Sweet Success at Maple Lane Sugary

Photo: Steve Ftorek stands watch over the new evaporator that takes only two hours to turn sap into syrup. This model gets hot enough so there isn't even ash left when the wood burns off. 

By Amy Jeanroy

 The 34th annual Maple Sunday was celebrated in sweet style at Maple Lane Sugary in Robbinston. 

Route 1 was filled with parked cars on either side, as patrons headed down the maple tree lined dirt road, toward the sugary, or building where the tree sap is processed into syrup. The trees were tapped and held a bright silver bucket or two in order to catch the sap. 

At the end of the road, a group was gathered outside of a wooden building with steam billowing out the roof. This is where the magic happens. 

Inside, the room smells faintly of maple syrup mixed with wood smoke, and the air is steamy as it rises up through the chimney. The steam is the excess water that is evaporating to reduce 40 gallons of sap into one gallon of syrup.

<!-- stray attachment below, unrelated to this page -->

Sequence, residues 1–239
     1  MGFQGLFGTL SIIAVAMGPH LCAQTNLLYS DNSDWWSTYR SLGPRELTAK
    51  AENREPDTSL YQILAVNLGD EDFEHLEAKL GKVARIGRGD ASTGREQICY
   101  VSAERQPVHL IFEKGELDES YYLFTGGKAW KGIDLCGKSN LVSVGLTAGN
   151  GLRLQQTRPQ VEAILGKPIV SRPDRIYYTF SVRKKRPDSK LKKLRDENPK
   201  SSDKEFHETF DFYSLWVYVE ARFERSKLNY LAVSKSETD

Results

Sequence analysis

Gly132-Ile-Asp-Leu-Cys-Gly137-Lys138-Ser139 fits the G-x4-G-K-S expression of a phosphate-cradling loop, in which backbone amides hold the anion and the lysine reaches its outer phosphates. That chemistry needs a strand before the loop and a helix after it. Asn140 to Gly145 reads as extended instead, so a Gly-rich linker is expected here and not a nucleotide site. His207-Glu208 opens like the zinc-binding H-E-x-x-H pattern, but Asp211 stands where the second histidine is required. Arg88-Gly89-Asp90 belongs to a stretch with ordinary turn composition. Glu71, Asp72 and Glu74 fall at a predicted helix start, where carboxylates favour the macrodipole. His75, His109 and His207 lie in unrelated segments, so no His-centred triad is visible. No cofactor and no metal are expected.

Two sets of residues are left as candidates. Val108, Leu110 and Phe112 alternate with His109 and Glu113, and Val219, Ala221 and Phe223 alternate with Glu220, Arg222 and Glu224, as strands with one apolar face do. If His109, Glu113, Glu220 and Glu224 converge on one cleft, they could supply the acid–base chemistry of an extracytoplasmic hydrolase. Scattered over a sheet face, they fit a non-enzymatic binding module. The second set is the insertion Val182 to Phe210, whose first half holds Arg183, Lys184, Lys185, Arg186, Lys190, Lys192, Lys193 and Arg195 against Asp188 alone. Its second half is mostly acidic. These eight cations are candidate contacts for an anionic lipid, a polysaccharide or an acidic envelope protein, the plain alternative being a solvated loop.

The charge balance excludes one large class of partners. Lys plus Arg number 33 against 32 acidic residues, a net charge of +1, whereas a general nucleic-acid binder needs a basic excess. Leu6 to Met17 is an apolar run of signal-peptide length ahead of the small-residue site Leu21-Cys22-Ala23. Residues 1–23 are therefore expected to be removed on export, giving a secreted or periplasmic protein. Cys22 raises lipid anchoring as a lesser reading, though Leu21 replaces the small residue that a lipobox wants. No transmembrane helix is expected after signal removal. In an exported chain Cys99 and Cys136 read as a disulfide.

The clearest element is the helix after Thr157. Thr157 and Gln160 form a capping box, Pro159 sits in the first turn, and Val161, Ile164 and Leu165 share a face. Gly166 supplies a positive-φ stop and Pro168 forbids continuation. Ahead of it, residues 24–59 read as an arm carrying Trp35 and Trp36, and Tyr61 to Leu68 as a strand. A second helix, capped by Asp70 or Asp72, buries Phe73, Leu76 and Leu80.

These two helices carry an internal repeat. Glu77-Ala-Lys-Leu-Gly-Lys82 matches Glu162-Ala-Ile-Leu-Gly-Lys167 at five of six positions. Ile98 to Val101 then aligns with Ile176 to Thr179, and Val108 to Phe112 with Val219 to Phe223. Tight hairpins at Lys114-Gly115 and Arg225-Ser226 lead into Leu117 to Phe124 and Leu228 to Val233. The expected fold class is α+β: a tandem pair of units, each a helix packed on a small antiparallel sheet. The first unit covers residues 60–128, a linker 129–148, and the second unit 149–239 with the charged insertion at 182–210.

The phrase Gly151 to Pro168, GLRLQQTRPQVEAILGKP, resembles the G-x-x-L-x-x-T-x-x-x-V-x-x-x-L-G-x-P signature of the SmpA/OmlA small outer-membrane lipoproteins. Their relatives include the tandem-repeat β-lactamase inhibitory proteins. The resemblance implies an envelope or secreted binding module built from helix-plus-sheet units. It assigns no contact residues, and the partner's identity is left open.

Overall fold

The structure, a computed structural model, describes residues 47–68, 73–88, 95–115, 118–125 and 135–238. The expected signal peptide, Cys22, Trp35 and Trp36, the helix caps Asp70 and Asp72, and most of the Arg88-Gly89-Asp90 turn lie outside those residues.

Maple Sunday was a chance for the public to step inside of a true sugary and ask all the experts all the burning maple syrup questions that you wanted. For instance, did you know that there are actually 4 grades of syrup, ranging in an almost clear, faintly brown color, to a rich, dark amber? Each grade has a completely different flavor profile, with the darkest used most often for recipes. Trees can have any number of taps, and although the taps look identical on the same tree, one side could produce a steady stream of sap, while on the opposite side barely a drop. The perfect sugaring weather is cold nights and warm days, and a tree is around 40 years old before it is large enough in diameter to be tapped. 

The equipment used to make syrup looks almost the same as it did 20 years ago, but it is far more efficient. For years, what once took three days to evaporate sap into syrup now takes two hours. 

Visitors had a taste of pure maple syrup on ice cream and then signed a guest book and tried their hand at some guessing games to win free syrup. 

Maple Lane Sugary is owned by Howie and Mary Ann Duvall, and this year marks their first participation in Maple Sunday. There was a steady stream of visitors enjoying the tour and a taste of a truly Made in Maine treat. 

Tessa Chaffey Ftorek explains how to turn sap into syrup to homeschoolers Bazzy and Bekah Jeanroy.